The second graduates of a new milking machinery technician’s course have completed their qualification – with eight students from across the country becoming the second to hold the new Parlour Safe certification.
The MEA (Milking Equipment Association) recently teamed up with Reaseheath College in Cheshire and Hartpury College in Gloucestershire, to establish an industry-wide training programme – Parlour Safe – that’ll give dairy farmers confidence in the ability of the parlour professional on their farm.
The objective of the Parlour Safe scheme is to provide a common means of benchmarking and monitoring for assessing the competence of technicians and others employed within the milking equipment sector.Mike Cullen, Parlour Safe course leader at Reaseheath
“The objective of the Parlour Safe scheme is to provide a common means of benchmarking and monitoring for assessing the competence of technicians and others employed within the milking equipment sector,” says Mike Cullen, Parlour Safe course leader at Reaseheath.
“It’s an excellent way of ensuring that farmers know who is ensuring their dairy equipment is working efficiently and is correctly maintained by someone with a recognised technical qualification.”
The scheme acknowledges the varying levels of knowledge and experience within the industry, so has devised four categories of qualification, each one having specific pre-requisites and offering even those most experienced an opportunity to learn and share information.
Category 1 involves self-registration on line, category 2 is the standard qualification, category 3 advanced and category 4 Master.
The second grouping of eight students completed their Category 3 qualification, and included parlour technicians from McCaskie Agriculture, Dairyflow, Negus Chase, Fullwood South West, DeLaval and Lely.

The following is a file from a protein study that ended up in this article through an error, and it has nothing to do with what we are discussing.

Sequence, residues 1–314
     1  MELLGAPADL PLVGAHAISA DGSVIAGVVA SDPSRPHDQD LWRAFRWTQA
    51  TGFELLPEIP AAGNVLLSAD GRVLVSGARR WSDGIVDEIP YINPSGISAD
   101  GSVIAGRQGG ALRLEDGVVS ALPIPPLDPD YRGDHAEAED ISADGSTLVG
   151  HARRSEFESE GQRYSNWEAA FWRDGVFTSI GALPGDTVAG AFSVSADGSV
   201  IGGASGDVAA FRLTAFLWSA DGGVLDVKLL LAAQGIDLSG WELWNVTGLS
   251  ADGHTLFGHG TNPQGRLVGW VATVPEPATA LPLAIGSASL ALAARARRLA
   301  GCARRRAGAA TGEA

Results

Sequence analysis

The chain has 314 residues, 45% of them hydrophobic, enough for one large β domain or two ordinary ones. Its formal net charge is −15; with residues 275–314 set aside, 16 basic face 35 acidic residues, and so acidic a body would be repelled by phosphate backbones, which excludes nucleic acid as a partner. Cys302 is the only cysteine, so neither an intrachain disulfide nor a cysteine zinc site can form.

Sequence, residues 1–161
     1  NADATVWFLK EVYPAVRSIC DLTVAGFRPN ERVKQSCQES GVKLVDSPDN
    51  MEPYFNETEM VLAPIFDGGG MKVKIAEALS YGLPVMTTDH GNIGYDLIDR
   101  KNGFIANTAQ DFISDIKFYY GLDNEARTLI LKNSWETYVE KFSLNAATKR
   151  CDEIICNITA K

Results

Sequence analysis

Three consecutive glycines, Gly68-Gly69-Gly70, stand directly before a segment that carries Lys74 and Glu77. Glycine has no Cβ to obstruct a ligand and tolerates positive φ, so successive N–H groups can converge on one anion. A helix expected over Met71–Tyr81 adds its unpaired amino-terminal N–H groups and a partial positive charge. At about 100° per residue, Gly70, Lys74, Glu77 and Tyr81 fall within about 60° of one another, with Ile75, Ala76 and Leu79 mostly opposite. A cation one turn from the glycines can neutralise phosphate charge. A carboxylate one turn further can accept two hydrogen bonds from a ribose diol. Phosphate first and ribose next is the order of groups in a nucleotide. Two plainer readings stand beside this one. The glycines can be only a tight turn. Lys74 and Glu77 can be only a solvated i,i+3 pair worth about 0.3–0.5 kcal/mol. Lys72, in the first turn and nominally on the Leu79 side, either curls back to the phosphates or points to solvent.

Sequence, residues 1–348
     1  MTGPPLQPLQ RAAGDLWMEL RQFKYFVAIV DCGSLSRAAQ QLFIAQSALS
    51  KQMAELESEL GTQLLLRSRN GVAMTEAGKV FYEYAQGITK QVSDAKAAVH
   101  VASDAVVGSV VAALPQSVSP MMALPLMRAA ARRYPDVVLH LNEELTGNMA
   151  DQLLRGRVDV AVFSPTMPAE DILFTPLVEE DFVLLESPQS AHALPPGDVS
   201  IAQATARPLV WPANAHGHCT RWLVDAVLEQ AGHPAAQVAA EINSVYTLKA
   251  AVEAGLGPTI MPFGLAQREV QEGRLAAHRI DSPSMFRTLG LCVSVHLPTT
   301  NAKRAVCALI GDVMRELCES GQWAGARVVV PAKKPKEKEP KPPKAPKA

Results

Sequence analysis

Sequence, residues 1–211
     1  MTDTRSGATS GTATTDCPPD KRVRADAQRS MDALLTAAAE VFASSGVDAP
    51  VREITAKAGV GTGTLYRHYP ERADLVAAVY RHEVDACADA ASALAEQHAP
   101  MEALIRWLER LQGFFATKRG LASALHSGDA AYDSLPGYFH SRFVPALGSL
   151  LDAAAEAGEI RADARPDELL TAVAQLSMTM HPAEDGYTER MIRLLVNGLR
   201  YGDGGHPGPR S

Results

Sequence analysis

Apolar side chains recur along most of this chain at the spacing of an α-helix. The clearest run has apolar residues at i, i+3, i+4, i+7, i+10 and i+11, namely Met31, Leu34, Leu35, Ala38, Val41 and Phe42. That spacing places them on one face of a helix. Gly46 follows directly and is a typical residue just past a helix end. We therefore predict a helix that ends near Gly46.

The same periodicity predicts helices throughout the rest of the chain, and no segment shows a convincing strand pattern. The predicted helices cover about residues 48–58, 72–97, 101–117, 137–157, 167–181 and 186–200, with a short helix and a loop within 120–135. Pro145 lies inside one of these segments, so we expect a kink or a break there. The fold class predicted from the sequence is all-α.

Karl Randall from Lely says: “I think it’s important to develop and give input to other people in the industry and share knowledge to develop a way forward with the course.”
Those on the course found it invaluable, both in terms of looking at a holistic approach to the whole milking parlour, and to exchange ideas with fellow students.
“We are delighted with the success of the course so far and also with the interest which has been already shown in next year’s intake of delegates,” says Ruth Bailey, CEO of the Milking Equipment Association.
“With milking equipment getting more and more sophisticated, it’s crucial that we set highest standards for our technicians, and that farmers have the reassurance that they’re working with properly qualified individuals.
“A category 3 Parlour Safe technician can be professionally registered with the Engineering Council, after which he is able to use the initials ‘EngTech’ after his name, signifying that he has met the necessary competence and commitment standards.”
The second eight students to complete the Reaseheath category 3 course were:
Gary Edwards from Shropshire
Allan Sanderson from Cumbria
Chris Roskilly from Clackmannanshire
Dave Stobo from Lanarkshire
Philip Bridges from Kent
Keven Gough from Leicestershire
Stephen Knight from Cornwall
Karl Randall from Worcestershire